Thursday, October 15, 2015

Creative Writing Sparked by Dialogue

          Snippets of dialogue serve as excellent writing prompts when they are ambiguous enough to suggest various possible tones, and in turn, various contexts for scene development. Often I propose that my students write two separate scenes founded upon the same line of dialogue interpreted differently. That writing exercise is part of a lesson on tone and how to convey specific moods in literature. I sometimes craft my own fictional scenes based on one line of dialogue uttered by a character's voice in my mind; from those scenes, novels are born. 

          Given two dialogue lines--"'re welcome...," and "I just wanted to tell you how much you've inspired me..."--as prompts to create a piece of short fiction, my young teenage student wrote this:

by L.Z.

          I am so excited, but also very nervous. I’ve never done anything like this before, but

missing a chance to meet her in person would leave me in regret for the rest of my life. So here I am now, standing in the back of a line so long that I cannot even see the actual author and her desk, but then, suddenly, through a gap in the crowds, I get a good look at her. She looks just like the woman on the back cover of my book, with her beautiful smile, signing for her loyal fans.
          In a flash, I am in the front of the line. “Hi,” she said smiling, “Would you like me to sign your book?”

          I breathed deeply trying to calm my nerves. “Actually, I just wanted to tell you how much you’ve‐‐”

          She interrupted me, her smile disappearing, “So you don’t have a book for me to sign?”

          “No,” I responded, “But I just wanted to tell you how much you’ve inspired me. I also read your books everyday.”

          “Okay... Thank you?” the author replied impatiently.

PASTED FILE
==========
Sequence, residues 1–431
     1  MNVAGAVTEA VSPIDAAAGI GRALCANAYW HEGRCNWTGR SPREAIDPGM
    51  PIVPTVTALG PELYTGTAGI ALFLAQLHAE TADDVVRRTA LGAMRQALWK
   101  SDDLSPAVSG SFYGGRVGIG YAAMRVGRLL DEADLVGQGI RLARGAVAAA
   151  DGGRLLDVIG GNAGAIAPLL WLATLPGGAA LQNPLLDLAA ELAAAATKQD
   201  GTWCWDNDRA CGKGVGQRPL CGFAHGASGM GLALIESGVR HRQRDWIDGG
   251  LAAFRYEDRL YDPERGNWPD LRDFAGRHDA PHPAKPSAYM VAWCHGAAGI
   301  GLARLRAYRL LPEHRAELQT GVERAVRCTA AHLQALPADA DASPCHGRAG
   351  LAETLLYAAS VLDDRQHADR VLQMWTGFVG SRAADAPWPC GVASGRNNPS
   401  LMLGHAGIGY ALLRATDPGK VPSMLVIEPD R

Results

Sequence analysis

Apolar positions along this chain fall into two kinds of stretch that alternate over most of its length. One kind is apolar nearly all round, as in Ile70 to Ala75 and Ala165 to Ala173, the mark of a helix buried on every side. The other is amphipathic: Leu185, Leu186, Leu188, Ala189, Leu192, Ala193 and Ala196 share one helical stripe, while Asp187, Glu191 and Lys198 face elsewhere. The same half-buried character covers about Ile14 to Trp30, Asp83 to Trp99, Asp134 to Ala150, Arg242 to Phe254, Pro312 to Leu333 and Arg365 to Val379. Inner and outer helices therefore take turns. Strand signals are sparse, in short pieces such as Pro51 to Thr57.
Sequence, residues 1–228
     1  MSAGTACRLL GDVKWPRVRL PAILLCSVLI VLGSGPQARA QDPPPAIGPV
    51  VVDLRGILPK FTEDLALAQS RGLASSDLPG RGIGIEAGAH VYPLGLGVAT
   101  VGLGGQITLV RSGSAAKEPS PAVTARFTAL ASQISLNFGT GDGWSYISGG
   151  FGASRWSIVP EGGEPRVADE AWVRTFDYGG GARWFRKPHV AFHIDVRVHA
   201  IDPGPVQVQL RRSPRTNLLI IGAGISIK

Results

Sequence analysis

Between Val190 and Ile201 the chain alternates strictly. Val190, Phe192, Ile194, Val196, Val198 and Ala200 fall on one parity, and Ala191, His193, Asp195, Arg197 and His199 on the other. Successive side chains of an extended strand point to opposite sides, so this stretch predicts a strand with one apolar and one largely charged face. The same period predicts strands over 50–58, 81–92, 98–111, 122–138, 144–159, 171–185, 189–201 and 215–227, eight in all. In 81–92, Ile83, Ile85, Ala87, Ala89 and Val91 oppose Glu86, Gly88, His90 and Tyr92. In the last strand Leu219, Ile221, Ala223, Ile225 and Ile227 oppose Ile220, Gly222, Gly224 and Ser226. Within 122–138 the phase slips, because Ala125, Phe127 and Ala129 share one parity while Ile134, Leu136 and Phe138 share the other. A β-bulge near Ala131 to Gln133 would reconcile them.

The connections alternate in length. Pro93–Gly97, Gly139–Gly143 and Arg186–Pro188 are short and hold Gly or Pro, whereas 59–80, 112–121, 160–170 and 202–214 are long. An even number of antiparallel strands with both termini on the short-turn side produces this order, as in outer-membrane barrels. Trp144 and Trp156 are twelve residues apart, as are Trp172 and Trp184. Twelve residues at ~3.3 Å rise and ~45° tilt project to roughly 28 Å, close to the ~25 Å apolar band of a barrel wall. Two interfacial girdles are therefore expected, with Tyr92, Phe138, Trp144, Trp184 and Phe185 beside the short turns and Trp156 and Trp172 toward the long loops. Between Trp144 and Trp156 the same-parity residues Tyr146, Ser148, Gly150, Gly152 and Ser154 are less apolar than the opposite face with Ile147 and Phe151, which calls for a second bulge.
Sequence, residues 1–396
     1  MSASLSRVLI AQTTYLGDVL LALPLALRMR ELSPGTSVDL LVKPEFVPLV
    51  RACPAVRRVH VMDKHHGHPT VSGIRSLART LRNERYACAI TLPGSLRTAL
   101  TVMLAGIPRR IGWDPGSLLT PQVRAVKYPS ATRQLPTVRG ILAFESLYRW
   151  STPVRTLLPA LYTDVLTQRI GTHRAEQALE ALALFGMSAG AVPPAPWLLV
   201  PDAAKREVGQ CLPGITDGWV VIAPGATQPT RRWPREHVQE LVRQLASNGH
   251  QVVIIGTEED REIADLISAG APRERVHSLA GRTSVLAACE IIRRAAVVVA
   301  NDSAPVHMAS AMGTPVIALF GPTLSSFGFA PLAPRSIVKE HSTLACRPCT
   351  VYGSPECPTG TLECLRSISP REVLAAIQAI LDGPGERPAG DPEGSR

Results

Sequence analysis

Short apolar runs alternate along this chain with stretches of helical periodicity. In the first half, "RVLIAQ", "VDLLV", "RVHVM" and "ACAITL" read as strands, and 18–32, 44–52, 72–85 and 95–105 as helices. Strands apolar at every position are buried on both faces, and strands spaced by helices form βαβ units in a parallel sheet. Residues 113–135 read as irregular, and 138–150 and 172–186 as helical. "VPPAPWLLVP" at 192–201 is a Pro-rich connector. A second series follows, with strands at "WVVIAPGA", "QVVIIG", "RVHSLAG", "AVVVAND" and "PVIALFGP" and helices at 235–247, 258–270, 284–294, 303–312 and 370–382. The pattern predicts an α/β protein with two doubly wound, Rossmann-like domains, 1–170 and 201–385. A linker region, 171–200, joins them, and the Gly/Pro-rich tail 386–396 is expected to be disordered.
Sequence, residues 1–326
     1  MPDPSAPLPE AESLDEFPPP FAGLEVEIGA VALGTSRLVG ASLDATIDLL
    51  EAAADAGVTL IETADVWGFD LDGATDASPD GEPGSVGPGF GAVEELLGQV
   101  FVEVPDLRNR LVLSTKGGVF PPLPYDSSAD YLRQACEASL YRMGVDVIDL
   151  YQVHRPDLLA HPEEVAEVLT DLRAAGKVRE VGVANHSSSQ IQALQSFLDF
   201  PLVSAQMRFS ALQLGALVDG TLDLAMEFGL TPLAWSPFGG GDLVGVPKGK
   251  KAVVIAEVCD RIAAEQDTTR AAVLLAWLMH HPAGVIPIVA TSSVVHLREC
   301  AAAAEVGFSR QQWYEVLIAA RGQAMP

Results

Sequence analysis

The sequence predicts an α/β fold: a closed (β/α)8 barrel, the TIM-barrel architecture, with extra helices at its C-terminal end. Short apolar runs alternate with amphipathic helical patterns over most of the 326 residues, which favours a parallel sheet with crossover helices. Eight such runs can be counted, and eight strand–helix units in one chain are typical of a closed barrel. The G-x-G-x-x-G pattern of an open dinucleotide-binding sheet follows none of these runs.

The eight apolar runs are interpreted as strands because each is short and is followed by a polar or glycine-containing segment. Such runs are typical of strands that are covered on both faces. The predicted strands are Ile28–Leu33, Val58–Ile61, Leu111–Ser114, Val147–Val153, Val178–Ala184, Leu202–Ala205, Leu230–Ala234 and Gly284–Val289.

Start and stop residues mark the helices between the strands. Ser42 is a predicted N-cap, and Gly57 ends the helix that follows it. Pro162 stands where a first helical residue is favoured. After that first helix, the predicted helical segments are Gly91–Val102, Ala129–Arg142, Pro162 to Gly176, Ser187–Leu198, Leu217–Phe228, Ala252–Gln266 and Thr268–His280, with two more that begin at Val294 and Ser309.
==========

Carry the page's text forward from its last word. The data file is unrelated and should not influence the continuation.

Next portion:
“’re welcome.” I trudged out the exit towards my car.

          Only now, after discovering who she really was, have I realized that her smile was
cold and fake, and unlike what she wrote on the back of the book, she did not actually respect her supporters. There are many other people in the world who deserve more fame and respect than someone like her. 

          The dialogue-based writing prompt could have evoked other scenes so different from the student's scene (above) that a reader might not even notice that the same dialogue lines appear in both. For example, "'re welcome" could be uttered by a humble person who is uncomfortable accepting thanks; or by a rude person who has no intention of giving anything in the first place; or by a person who is unsure about why he is being thanked; or by a snide person who says these words to remind an impolite person to say "thank you"; or, as in this piece, by a disillusioned person who doubts the sincerity of the thanks she has received. Similarly, the speaker who tells another person how much s/he has inspired her could declare those words effusively, with sincere admiration for a warmly appreciative role model; or she could shyly murmur them and evoke tears from the mentor in return; or she could sneer as she utters those words snidely to someone she has no respect for at all. Thus, you can see how even a single dialogue line can serve as a path that branches off in various directions via the literary landscape planted by purposefully chosen, vivid verbs and memorable descriptions.